Calif. Boy Weaves a Perfect Spell

Slug: ME-Spell Date: 6.02.2005 Kevin Clark\The Washington Post Neg #:  168896 Location:  Washington, DC Caption:   Anurag Kashyap of San Diego Cali., and the eventual winner takes a seat in the early rounds of the 78th Annual Scripps National Spelling Bee Thursday afternoon in Washington, DC with John Tamplin, left back and Hannah Rae Smith, right back, clapping.   StaffPhoto imported to Merlin on  Thu Jun  2 17:38:08 2005
Slug: ME-Spell Date: 6.02.2005 Kevin Clark\The Washington Post Neg #: 168896 Location: Washington, DC Caption: Anurag Kashyap of San Diego Cali., and the eventual winner takes a seat in the early rounds of the 78th Annual Scripps National Spelling Bee Thursday afternoon in Washington, DC with John Tamplin, left back and Hannah Rae Smith, right back, clapping. StaffPhoto imported to Merlin on Thu Jun 2 17:38:08 2005 (Kevin Clark / The Washington Post)
By Petula Dvorak
Washington Post Staff Writer
Friday, June 3, 2005

There are spellers who pore over a new stack of photocopied dictionary pages every day. Some let tape recordings of spellings wash over them all night while they sleep. But the winning study technique that led 13-year-old Anurag Kashyap to the Scripps National Spelling Bee championship yesterday was a little more modern.

"I got quizzed by my friends online, we instant-messaged over and over again," said Anurag, of San Diego. After a year of online quizzing by a network of spelling bee friends from all over the country, Anurag won in the 19th round with a fast and confident spelling of the word appoggiatura.

All three of this year's finalists were in the finals last year. The impish Samir Sudhir Patel, 11, who giggled and wiggled onstage and blurted "Thanks, Mom!" or blew his parents a kiss after correct spellings, was participating in his third national bee. He said he'd take a couple of weeks off before he began studying for next year's.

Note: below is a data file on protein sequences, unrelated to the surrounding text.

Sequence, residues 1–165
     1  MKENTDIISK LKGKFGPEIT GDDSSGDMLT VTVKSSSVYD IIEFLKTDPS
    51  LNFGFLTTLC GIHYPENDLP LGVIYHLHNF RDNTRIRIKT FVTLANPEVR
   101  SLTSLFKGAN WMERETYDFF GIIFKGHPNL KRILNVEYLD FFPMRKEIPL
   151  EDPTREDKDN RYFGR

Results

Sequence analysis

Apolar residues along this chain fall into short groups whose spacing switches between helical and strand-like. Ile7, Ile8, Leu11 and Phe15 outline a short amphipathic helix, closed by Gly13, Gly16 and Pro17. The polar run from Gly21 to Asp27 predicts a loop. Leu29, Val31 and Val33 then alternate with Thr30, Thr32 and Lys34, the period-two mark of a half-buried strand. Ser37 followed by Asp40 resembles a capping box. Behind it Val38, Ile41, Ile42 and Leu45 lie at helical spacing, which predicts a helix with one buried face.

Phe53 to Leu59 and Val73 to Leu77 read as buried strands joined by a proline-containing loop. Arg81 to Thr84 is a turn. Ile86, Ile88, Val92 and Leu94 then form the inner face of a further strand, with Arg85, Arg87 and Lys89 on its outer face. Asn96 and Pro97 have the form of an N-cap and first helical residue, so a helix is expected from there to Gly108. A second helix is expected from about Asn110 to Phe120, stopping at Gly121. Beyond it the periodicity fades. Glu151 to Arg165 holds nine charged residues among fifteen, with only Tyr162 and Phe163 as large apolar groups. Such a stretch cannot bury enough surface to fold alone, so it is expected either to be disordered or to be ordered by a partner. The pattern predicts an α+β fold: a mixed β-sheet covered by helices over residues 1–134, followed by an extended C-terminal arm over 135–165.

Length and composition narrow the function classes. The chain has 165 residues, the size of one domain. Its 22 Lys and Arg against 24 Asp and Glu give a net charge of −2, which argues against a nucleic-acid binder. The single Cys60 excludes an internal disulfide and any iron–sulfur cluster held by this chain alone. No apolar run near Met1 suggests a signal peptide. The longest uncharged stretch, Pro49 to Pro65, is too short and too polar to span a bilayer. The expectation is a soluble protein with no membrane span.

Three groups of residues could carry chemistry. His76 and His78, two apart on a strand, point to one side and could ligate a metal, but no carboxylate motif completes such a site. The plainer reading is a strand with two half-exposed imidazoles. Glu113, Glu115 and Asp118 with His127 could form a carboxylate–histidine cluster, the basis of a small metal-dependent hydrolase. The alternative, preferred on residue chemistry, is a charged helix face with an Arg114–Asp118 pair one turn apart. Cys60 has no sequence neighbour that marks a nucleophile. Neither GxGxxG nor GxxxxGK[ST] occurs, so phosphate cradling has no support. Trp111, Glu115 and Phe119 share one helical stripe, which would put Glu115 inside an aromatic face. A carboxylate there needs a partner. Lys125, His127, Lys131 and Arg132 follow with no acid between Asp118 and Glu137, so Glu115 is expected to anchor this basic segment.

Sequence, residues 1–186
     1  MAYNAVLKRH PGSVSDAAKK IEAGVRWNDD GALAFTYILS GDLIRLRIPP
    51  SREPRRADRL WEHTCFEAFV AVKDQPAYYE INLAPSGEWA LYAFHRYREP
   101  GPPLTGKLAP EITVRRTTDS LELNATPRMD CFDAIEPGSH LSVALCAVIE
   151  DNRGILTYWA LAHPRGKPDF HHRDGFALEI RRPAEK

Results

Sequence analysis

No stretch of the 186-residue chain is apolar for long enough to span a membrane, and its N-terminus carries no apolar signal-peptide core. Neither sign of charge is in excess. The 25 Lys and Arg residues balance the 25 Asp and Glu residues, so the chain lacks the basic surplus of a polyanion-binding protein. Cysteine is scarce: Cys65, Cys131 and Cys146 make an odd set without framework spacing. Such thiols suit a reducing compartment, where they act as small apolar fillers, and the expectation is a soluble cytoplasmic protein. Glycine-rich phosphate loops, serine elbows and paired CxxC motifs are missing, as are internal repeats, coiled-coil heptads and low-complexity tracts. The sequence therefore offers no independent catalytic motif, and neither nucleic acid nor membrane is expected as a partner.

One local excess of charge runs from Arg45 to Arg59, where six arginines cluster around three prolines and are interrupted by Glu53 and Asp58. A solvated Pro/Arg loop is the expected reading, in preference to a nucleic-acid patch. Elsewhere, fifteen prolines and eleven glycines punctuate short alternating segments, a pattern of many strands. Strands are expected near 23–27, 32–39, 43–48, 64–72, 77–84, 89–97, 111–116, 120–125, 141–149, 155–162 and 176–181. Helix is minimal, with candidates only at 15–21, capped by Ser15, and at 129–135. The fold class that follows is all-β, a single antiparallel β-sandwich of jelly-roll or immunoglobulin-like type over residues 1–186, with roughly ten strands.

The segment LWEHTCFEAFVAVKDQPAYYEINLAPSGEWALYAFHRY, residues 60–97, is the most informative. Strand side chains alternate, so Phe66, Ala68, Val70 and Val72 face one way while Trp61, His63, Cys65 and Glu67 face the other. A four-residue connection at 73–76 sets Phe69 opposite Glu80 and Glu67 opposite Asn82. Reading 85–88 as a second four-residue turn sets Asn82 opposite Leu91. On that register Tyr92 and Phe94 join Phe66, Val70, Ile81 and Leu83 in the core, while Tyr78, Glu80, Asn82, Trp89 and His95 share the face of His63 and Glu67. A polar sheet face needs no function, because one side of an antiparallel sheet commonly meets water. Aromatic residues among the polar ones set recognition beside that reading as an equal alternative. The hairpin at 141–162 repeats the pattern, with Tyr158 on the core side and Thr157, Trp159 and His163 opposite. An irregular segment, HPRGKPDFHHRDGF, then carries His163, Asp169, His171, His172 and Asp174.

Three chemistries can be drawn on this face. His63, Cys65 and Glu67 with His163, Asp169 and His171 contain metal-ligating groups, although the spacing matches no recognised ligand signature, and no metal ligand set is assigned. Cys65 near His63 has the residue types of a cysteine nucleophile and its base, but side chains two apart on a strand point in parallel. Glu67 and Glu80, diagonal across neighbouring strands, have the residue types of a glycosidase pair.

After Anurag hefted the gleaming trophy overhead and told reporters that his parents are from India, an onlooker shook the proud father's hand and told him, "Did you notice all three finalists were Indian?" Anurag's father, Chandra D. Roy, smiled and nodded.

Organizers said they would not comment about nationalities, but spellers of Indian descent have become a force in the bee.

Anurag had a fan base of about a dozen other spellers -- from South Carolina, Indiana and California -- who spelled online with him for months.

"I always knew Anurag was very good," said George Hornedo, 14, of Indianapolis, who had studied online with Anurag since meeting him last year. "There are other spellers who look good on paper, but Anurag's really got it."

Anurag sobbed a bit after winning, then described the feeling as "ecstaticness" (not a word, according to Webster's New World).

The last four rounds of the bee were a dramatic battle among Anurag, 13-year-old Aliya Robin Deri, from Pleasanton, Calif., and Samir, from Fort Worth.

Aliya was deliberate about winnowing out spellings by working the etymology of the words, asking about Russian origin, Latin phrases and French roots. Her mother, Chandan Deri, couldn't stand the pressure and hid behind columns, a potted plant or doors each time her daughter was up.

The spellers train for months, sometimes years, vying for the top award of $22,000, a $5,000 scholarship, encyclopedias and a $1,000 U.S. savings bond. The spellers' support staff -- parents or teachers -- wait in the wings, laden with snacks, drinks of water and hugs or high-fives. Spellers' profiles are posted online with up-to-the-minute stats, and every move in the final round is broadcast by ESPN.

The official program highlighted spelling bee histories and hobbies including glockenspiel, tuba, en pointe ballet, Lego robotics and the care and feeding of nine pet pigeons.


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